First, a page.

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OK, U2\’s still got it

Last night (December 13, 2005) I saw U2 play in St. Louis at the Kiel, er, Savvis Center. It was the third time I’d seen them, and probably the best.The first time I saw them, they played Busch Stadium in 1992 on the Zoo TV tour. The band was very much in its self-parody phase. The second time I saw them, in 1997 at the Kiel Center, they were promoting their not-so-successful album Pop and winding down that self-parody phase.

I didn’t see them when they toured in support of All That You Can’t Leave Behind. There was no good reason for it; I just didn’t get tickets and go.

Longtime U2 fans complained about the two tours I had seen. Seeing them on the Joshua Tree and earlier tours was like a religious experience, they said.

Compared to the other two I’d seen, this was a stripped-down show. No three semi trailers full of TV screens. No giant lemon descending from the ceiling. They had some screens up, which seemed to be mostly for the benefit of the people behind the stage or up in the nosebleed seats.

Rapper Kanye West opened. I appreciated his use of symphonic instruments in addition to samples. But unfortunately the bass was turned so high I couldn’t understand a word he was saying. Bono came out and introduced him personally. I’ve never seen anyone come out and introduce the opening act before. I’ve only ever seen someone acknowledge the opening band one other time before (I’d rather not say who that was, because that would be admitting I saw that band live).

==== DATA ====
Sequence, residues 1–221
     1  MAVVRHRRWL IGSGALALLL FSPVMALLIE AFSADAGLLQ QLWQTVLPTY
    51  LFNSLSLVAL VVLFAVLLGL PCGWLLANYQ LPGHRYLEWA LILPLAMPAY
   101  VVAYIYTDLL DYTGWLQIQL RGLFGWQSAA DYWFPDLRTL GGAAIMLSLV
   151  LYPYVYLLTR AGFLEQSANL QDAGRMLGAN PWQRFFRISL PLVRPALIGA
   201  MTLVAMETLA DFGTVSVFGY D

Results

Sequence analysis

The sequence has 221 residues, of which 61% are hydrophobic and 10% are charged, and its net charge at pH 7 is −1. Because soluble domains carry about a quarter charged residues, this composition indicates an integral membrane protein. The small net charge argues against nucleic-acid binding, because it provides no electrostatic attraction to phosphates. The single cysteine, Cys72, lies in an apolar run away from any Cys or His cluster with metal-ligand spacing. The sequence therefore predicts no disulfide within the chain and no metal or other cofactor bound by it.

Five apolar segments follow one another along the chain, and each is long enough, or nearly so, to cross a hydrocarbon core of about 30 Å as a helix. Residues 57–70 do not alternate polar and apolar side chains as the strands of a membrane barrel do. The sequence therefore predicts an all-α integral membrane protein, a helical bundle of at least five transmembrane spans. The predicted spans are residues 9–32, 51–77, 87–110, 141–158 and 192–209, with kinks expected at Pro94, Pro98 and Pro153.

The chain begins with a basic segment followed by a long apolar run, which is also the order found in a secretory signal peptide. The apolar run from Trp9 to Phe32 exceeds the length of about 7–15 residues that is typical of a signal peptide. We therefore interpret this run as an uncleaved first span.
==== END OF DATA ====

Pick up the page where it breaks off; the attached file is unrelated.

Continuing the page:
U2’s set opened with “City of Blinding Lights,” accompanied by a light show, which seemed like a good set-opener, and is probably my favorite song on the current album. The set was heavy on songs from the current album, of course, but a number of staples of the band were missing.

No “New Year’s Day.” No “I Will Follow.” No “Even Better than the Real Thing.” No “Desire” or “All I Want is You” or “Angel of Harlem.”

For that matter, there was absolutely nothing from the albums Zooropa, Pop (their experimental stage in the late 1990s), or Rattle and Hum (the height of their commercial success on the coattails of Joshua Tree). Those were good albums, but, admittedly, not up to the standards of most of U2’s catalog. They also didn’t play anything off their outstanding 1980 international debut, Boy, which I missed, but didn’t expect.